SI Vault
 
19th HOLE: THE READERS TAKE OVER
February 04, 1957
DELANY: PORTRAIT OF A MAN Sirs:I cannot refrain from telling you of my great pleasure in reading Gerald Holland's moving word portrait of an athlete and his country (A New Irish Hero Is Welcomed Home, SI, Jan. 11). Ron Delany's Christmas trip as told by Holland was surely one of the most touching and delicate articles I have ever read. I was deeply impressed with the author's ability, obviously the result of great thought and talent, to present the key to Delany's character and the character of the whole Irish nation in two or three subtle, minor incidents and relationships. How revealing is Holland's thoughtful notation that Ron's roadside valedictorian, after proper salutation to the hero of the present and the legends of the past, then opines that given the proper equipment and a couple of weeks to train he could very likely beat the man himself. How true. How Irish.
Decrease font Decrease font
Enlarge font Enlarge font
February 04, 1957

19th Hole: The Readers Take Over

View CoverRead All Articles View This Issue

DELANY: PORTRAIT OF A MAN
Sirs:
I cannot refrain from telling you of my great pleasure in reading Gerald Holland's moving word portrait of an athlete and his country (A New Irish Hero Is Welcomed Home, SI, Jan. 11). Ron Delany's Christmas trip as told by Holland was surely one of the most touching and delicate articles I have ever read. I was deeply impressed with the author's ability, obviously the result of great thought and talent, to present the key to Delany's character and the character of the whole Irish nation in two or three subtle, minor incidents and relationships. How revealing is Holland's thoughtful notation that Ron's roadside valedictorian, after proper salutation to the hero of the present and the legends of the past, then opines that given the proper equipment and a couple of weeks to train he could very likely beat the man himself. How true. How Irish.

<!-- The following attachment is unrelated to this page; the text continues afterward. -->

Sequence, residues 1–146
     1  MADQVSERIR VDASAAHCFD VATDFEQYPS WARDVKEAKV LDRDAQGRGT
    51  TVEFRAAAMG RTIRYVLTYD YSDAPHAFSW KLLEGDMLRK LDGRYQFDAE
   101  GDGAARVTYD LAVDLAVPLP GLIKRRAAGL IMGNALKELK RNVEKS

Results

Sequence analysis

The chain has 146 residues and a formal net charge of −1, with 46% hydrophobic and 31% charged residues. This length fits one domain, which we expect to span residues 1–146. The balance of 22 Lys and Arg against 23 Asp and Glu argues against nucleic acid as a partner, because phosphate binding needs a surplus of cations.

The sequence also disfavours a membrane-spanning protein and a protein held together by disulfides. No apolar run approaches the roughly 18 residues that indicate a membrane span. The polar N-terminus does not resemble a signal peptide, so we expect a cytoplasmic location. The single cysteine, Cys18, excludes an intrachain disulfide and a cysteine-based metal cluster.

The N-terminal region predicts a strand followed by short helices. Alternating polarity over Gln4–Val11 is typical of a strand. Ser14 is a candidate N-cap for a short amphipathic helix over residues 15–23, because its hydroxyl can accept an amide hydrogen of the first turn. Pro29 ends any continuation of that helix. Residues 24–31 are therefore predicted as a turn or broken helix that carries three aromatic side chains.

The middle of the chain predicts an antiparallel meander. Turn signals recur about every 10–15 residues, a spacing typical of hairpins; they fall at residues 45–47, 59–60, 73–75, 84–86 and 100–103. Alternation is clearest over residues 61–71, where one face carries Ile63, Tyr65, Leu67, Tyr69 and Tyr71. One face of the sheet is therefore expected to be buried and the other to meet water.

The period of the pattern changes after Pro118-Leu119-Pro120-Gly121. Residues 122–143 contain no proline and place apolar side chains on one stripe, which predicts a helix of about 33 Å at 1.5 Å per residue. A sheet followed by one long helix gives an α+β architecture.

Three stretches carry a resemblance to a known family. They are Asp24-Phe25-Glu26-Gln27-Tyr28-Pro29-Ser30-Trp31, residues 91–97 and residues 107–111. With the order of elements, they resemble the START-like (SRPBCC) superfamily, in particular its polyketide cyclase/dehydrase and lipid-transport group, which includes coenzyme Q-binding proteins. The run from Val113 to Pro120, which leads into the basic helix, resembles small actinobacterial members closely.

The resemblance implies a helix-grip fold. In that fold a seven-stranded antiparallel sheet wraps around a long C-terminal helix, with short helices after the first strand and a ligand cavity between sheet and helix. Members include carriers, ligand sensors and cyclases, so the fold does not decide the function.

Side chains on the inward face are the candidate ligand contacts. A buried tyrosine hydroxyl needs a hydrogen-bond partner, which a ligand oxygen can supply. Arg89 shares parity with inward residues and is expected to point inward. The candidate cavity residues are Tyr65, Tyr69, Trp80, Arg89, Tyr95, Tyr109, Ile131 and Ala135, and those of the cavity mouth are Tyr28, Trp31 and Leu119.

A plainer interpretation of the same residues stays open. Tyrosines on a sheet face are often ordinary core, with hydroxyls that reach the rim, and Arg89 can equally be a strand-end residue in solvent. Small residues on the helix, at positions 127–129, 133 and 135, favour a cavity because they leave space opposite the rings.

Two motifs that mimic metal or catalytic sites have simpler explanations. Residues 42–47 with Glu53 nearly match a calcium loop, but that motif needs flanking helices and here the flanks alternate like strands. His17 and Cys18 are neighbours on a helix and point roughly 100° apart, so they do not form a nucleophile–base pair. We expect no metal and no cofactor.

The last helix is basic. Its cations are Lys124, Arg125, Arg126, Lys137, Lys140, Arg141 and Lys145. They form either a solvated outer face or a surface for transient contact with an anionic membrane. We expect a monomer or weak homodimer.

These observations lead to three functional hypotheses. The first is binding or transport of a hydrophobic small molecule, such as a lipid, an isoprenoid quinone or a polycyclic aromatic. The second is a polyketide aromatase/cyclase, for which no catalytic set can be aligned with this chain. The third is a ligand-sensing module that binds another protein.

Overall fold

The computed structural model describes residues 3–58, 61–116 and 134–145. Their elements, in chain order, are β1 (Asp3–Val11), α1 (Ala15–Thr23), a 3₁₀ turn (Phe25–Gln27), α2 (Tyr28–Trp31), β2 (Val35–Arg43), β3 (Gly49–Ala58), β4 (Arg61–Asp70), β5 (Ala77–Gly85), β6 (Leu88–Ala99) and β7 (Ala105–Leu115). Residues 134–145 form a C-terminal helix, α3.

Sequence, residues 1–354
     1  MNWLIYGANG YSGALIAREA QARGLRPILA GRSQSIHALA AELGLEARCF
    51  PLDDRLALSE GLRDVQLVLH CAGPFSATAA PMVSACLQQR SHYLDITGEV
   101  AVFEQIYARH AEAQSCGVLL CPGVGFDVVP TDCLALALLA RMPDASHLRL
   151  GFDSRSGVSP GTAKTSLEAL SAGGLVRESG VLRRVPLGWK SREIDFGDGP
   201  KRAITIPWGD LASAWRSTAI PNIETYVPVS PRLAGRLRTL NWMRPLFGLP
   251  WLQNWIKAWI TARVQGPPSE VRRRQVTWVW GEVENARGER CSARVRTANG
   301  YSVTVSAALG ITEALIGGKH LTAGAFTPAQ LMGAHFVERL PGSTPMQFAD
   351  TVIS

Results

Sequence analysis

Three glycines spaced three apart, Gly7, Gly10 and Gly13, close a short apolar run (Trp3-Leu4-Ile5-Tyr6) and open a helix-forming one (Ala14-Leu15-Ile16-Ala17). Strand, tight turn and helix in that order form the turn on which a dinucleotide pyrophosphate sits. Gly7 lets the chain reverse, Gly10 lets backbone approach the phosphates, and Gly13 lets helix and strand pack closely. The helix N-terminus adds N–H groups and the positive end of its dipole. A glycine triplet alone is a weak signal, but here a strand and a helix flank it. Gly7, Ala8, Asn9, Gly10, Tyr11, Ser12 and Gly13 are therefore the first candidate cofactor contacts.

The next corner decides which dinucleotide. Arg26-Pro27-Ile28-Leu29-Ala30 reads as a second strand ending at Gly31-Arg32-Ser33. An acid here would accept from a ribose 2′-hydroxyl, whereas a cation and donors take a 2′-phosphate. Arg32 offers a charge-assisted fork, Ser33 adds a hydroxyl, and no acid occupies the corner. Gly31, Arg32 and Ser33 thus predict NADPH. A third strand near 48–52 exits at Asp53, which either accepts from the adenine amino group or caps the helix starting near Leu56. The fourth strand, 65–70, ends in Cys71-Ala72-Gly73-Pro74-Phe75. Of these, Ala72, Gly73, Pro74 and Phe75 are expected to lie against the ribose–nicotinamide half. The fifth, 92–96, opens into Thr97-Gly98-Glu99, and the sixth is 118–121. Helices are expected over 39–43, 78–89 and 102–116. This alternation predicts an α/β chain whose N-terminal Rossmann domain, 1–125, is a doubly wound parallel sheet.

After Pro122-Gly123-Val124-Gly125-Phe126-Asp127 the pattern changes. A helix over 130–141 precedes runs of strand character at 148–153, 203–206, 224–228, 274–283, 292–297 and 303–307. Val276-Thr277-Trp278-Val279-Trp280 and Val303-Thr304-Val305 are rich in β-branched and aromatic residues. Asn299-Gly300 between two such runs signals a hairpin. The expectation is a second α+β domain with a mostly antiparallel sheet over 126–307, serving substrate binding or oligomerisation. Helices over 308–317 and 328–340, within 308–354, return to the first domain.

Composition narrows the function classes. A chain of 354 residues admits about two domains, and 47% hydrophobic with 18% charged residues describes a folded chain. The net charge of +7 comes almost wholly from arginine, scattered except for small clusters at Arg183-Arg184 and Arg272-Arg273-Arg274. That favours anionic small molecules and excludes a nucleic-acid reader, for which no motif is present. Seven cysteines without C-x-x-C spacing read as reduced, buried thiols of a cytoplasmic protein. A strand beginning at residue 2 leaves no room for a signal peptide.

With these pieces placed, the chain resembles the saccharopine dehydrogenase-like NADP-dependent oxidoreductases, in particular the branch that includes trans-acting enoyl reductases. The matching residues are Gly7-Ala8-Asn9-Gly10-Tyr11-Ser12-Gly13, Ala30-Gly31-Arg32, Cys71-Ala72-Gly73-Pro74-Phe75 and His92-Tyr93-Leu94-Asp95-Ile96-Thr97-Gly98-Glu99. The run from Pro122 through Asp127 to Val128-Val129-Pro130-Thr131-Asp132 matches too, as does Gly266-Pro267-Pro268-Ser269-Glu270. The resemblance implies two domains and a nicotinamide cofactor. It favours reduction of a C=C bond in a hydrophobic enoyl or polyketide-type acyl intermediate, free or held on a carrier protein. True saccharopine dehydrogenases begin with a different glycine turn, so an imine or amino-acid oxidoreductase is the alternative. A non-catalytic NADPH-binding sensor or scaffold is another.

One such observation is so much more eloquent than 10 pages of lyricism on Dublin's cobbled streets and Eire's green sod. Mr. Holland achieved a minor masterpiece into which are deeply etched his own qualities as man, artist and thinker.
J. K. ALLENS
Detroit

DELANY: A MAN TO BE RESPECTED
Sirs:
During the past ten years I have seen some of the finest and truly normal young men who won All-America honors caricatured by well-meaning sportswriters. The buildup was horrendous, puffed up by phony insights; the letdown lightninglike and gruesome.

I sincerely hope that Gerald Holland's technique will serve as a pattern in the years to come. Ronnie Delany left your pages as he entered, an extremely likable young man, but he had grown in stature. We learned that he is sensitive, yet objective, forthright in giving others their due. He fully appreciated the honor shown him, yet assumed no cloak of modesty. A man to be respected for qualities other than stamina and speed. Your treatment of his girl friend was truly exquisite, if I may use the word.

Your photographer is to be congratulated for having sensed the spirit of Delany. Surely, Delany will speak of Holland in the words of the Christian Brother he describes: "You're very good and kind."
FRANCIS D. NEALY, O.P.
Notre Dame, Ind.

DELANY: GRAND
Sirs:
Gerald Holland painted a true picture of Irish country folk in language we can all understand.

Sure and it was a grand effort.
G. E. ZOVITZ
Denfield, Ontario

BASEBALL: N.Y. TO L.A.
Sirs:
Pertaining to the cartoon (SI, Jan. 11) where a man sits at his desk and says over the phone, "What are you doing in Schrafft's? Get down to Chock full o' Nuts and make him another offer!"

Who is Schrafft's? What is Chock full o' Nuts? Are we West Coast fans missing out on something? I couldn't get the gag at all. One of my buddies tried to explain it to me by pointing to a picture over the man's head that said N.Y. Giants. Who are the N.Y. Giants, and are they still in the National League?
DAVID KOHNHORST
Culver City, Calif.

?Schrafft's runs a number of New York and Boston tea shops, similar to the Pig'n Whistle in L.A. Chock full o' Nuts is a quick-order food chain like McDonnell's. Surely Mr. Kohnhorst remembers the Giants. They operate a joint near Coogan's Bluff called the Polo Grounds. Laraine Day's husband used to work there.—ED.

Continue Story
1 2 3 4 5